The first two weeks of march turned out to be as predicted in my last article, windy and cold and a slow bite. With any luck at all there could be some light at the end of the tunnel as we move through the rest of the month. It won’t take much, softer winds and an increase in the water temperature will make things busier on the water on most all our fishing fronts.
From the passes and beaches out we should see increased numbers of patches of bait, laced with Spanish mackerel and a few kingfish working them. While it is a little early for kingfish to begin their migration, north from the Florida Keys it is a good bet they will be on their way north by the end of March.
Trolling deep running lures, spoons and large jigs could put some kings in the box along with some nice size grouper.
Anglers fishing the nearshore wrecks and fish havens should be able to find some sheepshead, black drum, lane and mangrove snapper, grouper and trout. While most of these species will be near the bottom trout will be closer to the surface. Live shrimp and minnows will work well.
Our inland passes, outer shoreline will continue to offer some redfish, snook, pompano, snapper, tarpon from 15 to in excess of 60 pounds and of course the line up of renegades such as ladyfish, bluerunner, jack and catfish.
Everything is looking great for the rest of March for all fishing fronts. Everyone should also fine tune their knowledge of the Florida Saltwater Recreation Fishing regulations and keep a current copy on the boat.
Another junior angler is born! An e-mail just in from excited Dennis Orosz. He is from Canada, visiting on the Isle of Capri and sent a great photo of his four year old grandson, Aiden Orosz, holding a mangrove snapper he caught and released from their dock using shrimp for bait. Aiden calls his grandfather “Pappy.”
Thanks for the great picture Dennis.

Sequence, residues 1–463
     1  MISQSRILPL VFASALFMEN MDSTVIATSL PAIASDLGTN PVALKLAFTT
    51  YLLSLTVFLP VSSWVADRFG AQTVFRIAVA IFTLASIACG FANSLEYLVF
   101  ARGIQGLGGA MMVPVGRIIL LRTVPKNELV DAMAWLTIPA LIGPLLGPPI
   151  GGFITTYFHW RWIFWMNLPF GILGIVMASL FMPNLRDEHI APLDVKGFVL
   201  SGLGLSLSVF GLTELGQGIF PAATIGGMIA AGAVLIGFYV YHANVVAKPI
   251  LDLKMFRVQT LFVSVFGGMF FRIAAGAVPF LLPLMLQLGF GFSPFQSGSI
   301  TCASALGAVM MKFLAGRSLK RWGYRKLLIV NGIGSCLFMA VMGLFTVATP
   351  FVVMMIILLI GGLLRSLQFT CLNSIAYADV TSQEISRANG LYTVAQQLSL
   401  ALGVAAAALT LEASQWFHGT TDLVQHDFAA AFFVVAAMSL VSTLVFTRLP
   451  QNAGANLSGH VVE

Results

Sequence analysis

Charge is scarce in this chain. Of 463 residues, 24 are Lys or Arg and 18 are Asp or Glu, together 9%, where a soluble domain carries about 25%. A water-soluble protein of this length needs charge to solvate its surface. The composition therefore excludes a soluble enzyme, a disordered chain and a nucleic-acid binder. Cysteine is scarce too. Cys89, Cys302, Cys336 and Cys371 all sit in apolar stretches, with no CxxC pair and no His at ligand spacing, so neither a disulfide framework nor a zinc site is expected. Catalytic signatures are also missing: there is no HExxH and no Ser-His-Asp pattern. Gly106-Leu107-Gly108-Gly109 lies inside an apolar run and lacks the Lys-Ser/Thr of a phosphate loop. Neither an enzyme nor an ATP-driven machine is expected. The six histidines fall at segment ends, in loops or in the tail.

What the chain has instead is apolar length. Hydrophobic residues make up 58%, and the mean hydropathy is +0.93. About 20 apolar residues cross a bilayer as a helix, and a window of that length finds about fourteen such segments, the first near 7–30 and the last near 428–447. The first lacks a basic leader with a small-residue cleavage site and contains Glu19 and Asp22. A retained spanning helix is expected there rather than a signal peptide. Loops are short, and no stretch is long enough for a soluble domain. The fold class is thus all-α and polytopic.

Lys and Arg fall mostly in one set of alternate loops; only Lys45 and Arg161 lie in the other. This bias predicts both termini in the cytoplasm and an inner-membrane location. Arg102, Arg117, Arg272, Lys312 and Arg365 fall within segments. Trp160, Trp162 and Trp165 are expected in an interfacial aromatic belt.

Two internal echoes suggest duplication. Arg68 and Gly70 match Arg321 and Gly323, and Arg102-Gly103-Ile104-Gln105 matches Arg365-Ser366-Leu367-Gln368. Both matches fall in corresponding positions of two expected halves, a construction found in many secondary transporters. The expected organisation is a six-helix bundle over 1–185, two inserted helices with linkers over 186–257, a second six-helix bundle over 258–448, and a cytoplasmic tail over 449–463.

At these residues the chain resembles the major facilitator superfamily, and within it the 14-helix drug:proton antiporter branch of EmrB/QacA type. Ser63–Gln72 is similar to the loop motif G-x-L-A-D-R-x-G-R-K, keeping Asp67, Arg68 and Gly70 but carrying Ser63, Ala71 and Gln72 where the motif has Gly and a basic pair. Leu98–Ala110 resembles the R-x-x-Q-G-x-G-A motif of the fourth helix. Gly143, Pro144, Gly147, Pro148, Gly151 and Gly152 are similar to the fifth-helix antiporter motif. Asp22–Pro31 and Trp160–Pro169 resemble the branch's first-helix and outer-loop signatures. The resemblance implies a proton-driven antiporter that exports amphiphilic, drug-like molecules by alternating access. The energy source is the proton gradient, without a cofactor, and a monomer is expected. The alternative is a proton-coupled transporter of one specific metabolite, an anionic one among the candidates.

Another e-mail from local angler and taxidermist Bob Dorta. He just returned from this year’s annual Florida State Taxidermy Convention & Competition and won a third place with a mule deer and a second place with a fiberglass tarpon plus he was nominated to sit on the state’s board.
Several of you that like to fish offshore wrecks have asked me about the California wreck. I think a recent article about finding World War II mines in the Gulf of Mexico spawned the questions.
Questions asked included where is it located, what kind of ship was it and how did it sink. I made it a point to never keep any numbers of any honey holes off our coast so I can’t give the spots away.
There are charts at local marinas and tackle shops that have many of the wrecks numbered and the locations for them. One chart you might want to start with would be chart 090F.
According to a Web site I found a few years ago I can tell you the Baja California was torpedoed in the Gulf of Mexico on July 19, 1942 by German U Boat 84 with Captain Horst Uphoff at the helm. The site, uboat.net, has information on many of the German subs.
Another question, some of you sent was what happened to the sub that sank the California. I will let you have the fun of going to the Web site and finding the answer and have the answer in my next article for those of you who could not find it.
Larry Lucas, president of Florida Antique Tackle Association and the host of the FATA winter show in Daytona reports it was a huge success. He is so excited he has already started to lay the ground work for the 2010 event, again in Daytona.
The fishing and caching is looking great as I prepare this article. Warm weather, clear water, increased numbers of bait. Fishing the passes, outer shoreline and inland waters early morning with a high incoming or high falling tide could be the magic bullet.
Please let us know how you make out and get your pictures in for us to share.
Catch you later.
Red Stier is a bi weekly contributor to the Marco Island Eagle. Questions or comments may be directed to firstname.lastname@example.org or 172 Trinidad St., Naples, Fla., 34113.